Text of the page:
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Driving a Stick


ComancheMan7893
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for starting if you "peeling" out than you need to lower your rpms a little bit before releasing the clutch. and when you do release the clutch do it semi slowly and smoothly not just one big drop because that can make you spin to. for stopping make sure your pressing the clutch in or no matter what ya do you gunna stall.

anyway good luck and tell us how ya do.

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You need to get your foot off the gas completely and learn where the friction point is. Once you are releasing the clutch, let it out slowly until you feel the engine start to catch - this is the firction point. Too fast past the friction point and the car will stall OR peel out.

 

You should be able to start in first without any accelerator at all.

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Big parking lots or open fields is how I've learned to ride or drive everything in my life .

Find a empty parking lot and use the lines to pick starting and stopping points .

 

Do it over and over until your completely confident in your skills .

 

Then raise the bar , try to get the truck off the line as fast as you can without spinning the tires or stalling the truck .

Most importantly , see how fast you can get the truck to stop without locking the brakes or going over a stopping line .

 

Do this enough and you'll be able to safely drive yourself through the hell storm we call Rush hour traffic .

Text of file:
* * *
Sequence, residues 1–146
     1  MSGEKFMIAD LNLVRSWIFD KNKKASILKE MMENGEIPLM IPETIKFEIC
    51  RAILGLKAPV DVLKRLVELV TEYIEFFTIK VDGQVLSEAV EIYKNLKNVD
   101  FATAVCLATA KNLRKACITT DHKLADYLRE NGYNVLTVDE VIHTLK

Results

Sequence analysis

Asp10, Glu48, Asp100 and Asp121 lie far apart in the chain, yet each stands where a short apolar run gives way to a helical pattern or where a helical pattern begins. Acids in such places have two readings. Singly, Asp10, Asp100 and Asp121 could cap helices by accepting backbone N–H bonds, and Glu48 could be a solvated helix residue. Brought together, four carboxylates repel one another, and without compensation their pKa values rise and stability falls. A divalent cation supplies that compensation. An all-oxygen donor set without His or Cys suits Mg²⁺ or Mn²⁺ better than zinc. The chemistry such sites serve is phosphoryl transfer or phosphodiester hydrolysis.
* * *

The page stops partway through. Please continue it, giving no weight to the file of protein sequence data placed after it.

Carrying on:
Having a full understanding of what that vehicle can and cannot do .

 

My Dad taught me to ride bikes , motorcycles and cars this way and now I am teaching my sons .

Call it extreme , but some defensive driving courses use some of the same tests .

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the best thing you can do is just work with the clutch. find that point and keep finding practice letting it out to that point it will just come second nature after a bit of that. don't get frustrated. it will come

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Never take driving lessons from a parent. Friends, relatives, cousins, uncles, aunts, strangers but never a parent.

 

My dad did an excellent job teaching me how to drive a stick. :dunno:

 

Best way to find the catch point is to start out on a slight upward hill. A little harder on the clutch, but you'll learn a lot faster.

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Never take driving lessons from a parent. Friends, relatives, cousins, uncles, aunts, strangers but never a parent.

 

My dad did an excellent job teaching me how to drive a stick. :dunno:

 

So did my mom. :dunno:

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You have the basics, now go out to a large open area, or a place with little to no traffic and drive by yourself till you get the feel of it without making yourself look stupid. A patient person to get you going always helps too. Youll just have to get the feel of it and then youll be fine.